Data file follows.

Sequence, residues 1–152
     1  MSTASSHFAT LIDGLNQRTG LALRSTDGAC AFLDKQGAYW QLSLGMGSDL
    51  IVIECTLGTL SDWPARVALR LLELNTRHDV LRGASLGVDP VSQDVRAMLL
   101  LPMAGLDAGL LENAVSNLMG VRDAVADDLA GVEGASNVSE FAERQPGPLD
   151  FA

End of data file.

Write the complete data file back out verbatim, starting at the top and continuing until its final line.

Sequence, residues 1–152
     1  MSTASSHFAT LIDGLNQRTG LALRSTDGAC AFLDKQGAYW QLSLGMGSDL
    51  IVIECTLGTL SDWPARVALR LLELNTRHDV LRGASLGVDP VSQDVRAMLL
   101  LPMAGLDAGL LENAVSNLMG VRDAVADDLA GVEGASNVSE FAERQPGPLD
   151  FA